So what’s next? Halverson is focused on moving the needle forward; for the public cannabis culture and the processing infrastructure in the US. She’s determined to create a self-sustaining business model where every piece of the plant is used to the benefit of the industry and the consumer.


What are you most excited about in the industry right now?

EH: The innovation that I hear from just about everyone I talk to. There are so many men and women doing some freakishly fantastic and innovative things with this plant. It’s just wonderful. It’s the most exciting time cannabis has had because we’re growing so fast. It just blows my mind every single day to hear the ideas people are working on, and to meet equally passionate people. There’s not a lot of industries that truly have people whole-heartedly invested.

Another exciting thing is where the industrial hemp industry will be in 3 to 5 years. I think we’re finally getting the attention we deserve; we’re finally coming up to par showing our importance and starting to right the supply and demand imbalance that stems from 2019. We’re finally starting to normalize that.

Sustainability is a big part of your business. What clicked for you?

EH: It started with an idea and it just kept snowballing as the word “sustainable” kept growing for me

I just had a lightbulb moment and I started doing a ton of research. I found that no one in the states was making 100% pure hemp paper and nobody was focusing on cannabis. I started researching CBD and found they were producing all this waste. I had my product developer, who was the first person to do 100% hemp rolling papers, who had tried to use CBD waste. I said, why don’t we see if we can use this for regular paper as well?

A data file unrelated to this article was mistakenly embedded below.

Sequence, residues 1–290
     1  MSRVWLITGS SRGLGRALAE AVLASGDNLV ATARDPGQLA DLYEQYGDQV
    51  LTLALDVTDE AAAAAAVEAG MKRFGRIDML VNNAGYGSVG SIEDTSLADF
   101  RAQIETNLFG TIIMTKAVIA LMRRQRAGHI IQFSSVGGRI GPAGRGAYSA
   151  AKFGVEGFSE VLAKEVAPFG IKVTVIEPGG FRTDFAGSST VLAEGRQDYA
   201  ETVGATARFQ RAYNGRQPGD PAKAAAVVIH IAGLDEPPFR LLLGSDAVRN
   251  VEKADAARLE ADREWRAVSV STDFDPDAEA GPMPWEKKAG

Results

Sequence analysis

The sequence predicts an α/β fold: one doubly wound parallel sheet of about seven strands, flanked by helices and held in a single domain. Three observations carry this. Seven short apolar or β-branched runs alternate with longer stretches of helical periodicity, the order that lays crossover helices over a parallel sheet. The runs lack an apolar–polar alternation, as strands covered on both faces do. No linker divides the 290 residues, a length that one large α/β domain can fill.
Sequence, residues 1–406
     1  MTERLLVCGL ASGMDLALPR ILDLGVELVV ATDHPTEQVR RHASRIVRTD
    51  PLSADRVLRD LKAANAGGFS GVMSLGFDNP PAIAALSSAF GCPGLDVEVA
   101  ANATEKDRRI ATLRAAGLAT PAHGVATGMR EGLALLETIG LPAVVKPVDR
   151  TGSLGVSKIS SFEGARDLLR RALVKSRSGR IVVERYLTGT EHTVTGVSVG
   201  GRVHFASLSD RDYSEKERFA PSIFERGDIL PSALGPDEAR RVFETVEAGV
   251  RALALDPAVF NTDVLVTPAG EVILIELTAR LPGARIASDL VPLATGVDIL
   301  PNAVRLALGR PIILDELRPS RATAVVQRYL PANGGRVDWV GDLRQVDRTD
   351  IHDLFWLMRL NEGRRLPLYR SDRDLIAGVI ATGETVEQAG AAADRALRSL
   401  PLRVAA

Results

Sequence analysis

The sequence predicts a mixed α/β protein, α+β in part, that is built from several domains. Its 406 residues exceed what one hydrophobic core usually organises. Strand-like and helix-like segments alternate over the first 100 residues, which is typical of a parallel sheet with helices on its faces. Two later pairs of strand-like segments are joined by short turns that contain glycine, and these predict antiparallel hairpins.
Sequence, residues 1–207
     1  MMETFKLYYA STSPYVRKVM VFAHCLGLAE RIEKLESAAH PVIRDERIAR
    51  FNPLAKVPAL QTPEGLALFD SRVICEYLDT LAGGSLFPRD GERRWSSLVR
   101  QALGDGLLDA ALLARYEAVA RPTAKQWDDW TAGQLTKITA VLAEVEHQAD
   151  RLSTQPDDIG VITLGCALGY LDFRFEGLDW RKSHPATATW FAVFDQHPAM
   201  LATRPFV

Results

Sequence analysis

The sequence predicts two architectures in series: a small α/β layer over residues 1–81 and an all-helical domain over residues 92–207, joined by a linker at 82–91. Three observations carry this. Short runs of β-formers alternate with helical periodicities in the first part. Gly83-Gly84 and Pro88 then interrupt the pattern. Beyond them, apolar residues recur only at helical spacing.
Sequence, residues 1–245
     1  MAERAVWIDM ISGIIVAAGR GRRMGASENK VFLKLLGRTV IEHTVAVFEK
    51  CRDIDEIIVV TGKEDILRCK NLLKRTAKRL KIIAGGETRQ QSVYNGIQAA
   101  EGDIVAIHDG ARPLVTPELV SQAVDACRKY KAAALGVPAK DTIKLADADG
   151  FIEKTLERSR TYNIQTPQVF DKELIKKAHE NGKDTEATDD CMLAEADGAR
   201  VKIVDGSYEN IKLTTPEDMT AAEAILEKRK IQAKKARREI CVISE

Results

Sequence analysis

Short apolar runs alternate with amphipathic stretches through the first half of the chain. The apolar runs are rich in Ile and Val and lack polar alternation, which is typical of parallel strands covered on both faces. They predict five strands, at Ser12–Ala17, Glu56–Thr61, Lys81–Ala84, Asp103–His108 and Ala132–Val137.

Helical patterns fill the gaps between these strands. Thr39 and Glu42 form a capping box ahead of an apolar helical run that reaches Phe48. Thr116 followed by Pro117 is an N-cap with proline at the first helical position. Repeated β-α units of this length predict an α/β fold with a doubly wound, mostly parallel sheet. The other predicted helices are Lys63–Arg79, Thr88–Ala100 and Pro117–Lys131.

Then I started thinking about how we can utilize this plant holistically and not consider any of it trash. That got me thinking about creating a self-sustaining ecosystem where all the waste from my farmers and extractors that I can’t use for paper, I’m going to work with an eco-recycling company to make a living soil. That living soil will go back to my farmers which gives them higher quality product and better yields which give me higher quality product and better yields, and that’s how we create a self-sustaining ecosystem.

What I’m trying to show that just making hemp paper can touch every single aspect of the cannabis industry. From the farmers, who I would love to buy direct from, to anyone who needs processing once I get my equipment.

What does social equity mean to you?

EH: I hate the word social equity. Because all the social equity programs in cannabis did was divide us. Nobody that doesn’t need a license for their business got to be included in social equity. I was completely left out of every social equity program. It just divided us into those who need a license and those who don’t. What makes you think that people who need a license need funding and help any more than I do without a license?